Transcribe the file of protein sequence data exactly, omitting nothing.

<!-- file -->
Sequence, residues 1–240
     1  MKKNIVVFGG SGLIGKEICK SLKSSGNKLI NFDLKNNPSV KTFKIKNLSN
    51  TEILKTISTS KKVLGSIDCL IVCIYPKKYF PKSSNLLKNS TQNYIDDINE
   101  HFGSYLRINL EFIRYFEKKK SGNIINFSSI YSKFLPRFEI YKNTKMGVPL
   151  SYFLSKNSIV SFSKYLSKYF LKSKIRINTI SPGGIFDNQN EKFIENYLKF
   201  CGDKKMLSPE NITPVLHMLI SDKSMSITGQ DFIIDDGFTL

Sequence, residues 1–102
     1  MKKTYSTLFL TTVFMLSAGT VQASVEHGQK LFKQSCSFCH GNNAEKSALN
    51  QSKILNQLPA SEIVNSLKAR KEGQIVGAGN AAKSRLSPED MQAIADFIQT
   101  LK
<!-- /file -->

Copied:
Sequence, residues 1–240
     1  MKKNIVVFGG SGLIGKEICK SLKSSGNKLI NFDLKNNPSV KTFKIKNLSN
    51  TEILKTISTS KKVLGSIDCL IVCIYPKKYF PKSSNLLKNS TQNYIDDINE
   101  HFGSYLRINL EFIRYFEKKK SGNIINFSSI YSKFLPRFEI YKNTKMGVPL
   151  SYFLSKNSIV SFSKYLSKYF LKSKIRINTI SPGGIFDNQN EKFIENYLKF
   201  CGDKKMLSPE NITPVLHMLI SDKSMSITGQ DFIIDDGFTL

Sequence, residues 1–102
     1  MKKTYSTLFL TTVFMLSAGT VQASVEHGQK LFKQSCSFCH GNNAEKSALN
    51  QSKILNQLPA SEIVNSLKAR KEGQIVGAGN AAKSRLSPED MQAIADFIQT
   101  LK